Many of Google’s services are served over HTTPS, with YouTube and Calendar being the latest to offer encryption by default. With the majority of the web now moving to this security standard, Chrome will begin explicitly labeling HTTP connections as non-secure…

The multi-phase process begins in January 2017 with Chrome 56 marking HTTP sites that transmit passwords or credit cards as insecure. Historically, HTTP connections have been marked with the neutral indicator of a gray info icon and HTTPS with a green lock and text. In version 56, you’ll see “Not Secure” listed beside the info button and to the left of the URL.

Google has only provided mockups for desktop Chrome, but the change will presumably occur at similar times on Android, iOS, and Chrome OS.

Following releases will extend the HTTP Not Secure warning to Incognito mode where users have a higher expectations of privacy. The final iteration has the security indicator on the address bar changing to the red triangle currently reserved for broken HTTPS connections.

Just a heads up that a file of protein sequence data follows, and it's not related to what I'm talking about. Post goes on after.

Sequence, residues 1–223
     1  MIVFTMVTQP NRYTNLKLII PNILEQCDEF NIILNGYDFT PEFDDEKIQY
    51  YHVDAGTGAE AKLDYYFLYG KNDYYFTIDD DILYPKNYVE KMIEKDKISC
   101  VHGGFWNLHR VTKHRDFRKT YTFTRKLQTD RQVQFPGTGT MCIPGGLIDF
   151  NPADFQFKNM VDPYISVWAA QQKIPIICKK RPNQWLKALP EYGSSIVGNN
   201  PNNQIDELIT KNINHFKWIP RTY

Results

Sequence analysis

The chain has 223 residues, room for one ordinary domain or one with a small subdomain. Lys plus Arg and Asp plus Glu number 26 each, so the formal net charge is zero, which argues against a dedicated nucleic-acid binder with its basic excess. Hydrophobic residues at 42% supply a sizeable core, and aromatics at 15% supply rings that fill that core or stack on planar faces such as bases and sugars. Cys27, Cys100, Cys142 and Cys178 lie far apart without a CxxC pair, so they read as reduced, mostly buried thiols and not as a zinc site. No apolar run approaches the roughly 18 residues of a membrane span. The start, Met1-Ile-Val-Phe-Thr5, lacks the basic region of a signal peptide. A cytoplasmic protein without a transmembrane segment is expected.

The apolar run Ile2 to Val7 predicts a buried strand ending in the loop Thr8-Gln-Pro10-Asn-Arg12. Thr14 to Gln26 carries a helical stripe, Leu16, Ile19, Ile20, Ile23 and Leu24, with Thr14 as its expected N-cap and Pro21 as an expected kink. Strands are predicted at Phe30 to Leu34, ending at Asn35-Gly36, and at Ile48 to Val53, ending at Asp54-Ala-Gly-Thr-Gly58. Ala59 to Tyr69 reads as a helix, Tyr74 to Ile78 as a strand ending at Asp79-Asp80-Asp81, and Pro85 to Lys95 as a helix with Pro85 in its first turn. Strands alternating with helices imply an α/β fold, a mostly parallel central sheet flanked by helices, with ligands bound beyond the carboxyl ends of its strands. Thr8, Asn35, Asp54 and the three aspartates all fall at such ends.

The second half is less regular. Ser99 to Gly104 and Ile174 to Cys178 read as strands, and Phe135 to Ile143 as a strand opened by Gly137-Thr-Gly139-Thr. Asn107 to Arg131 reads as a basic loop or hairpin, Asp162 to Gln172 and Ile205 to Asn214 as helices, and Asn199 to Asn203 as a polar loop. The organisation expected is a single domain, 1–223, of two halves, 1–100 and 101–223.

The long-term plan is to mark all HTTP sites as non-secure due to the possibility that others can potentially look at or modify the site before it gets to an end user. Google notes that converting a site to HTTPS is easier and cheaper than ever before, with a substantial portion of web traffic now transitioning to HTTPS. More than half of Chrome desktop pages are now served over HTTPS.

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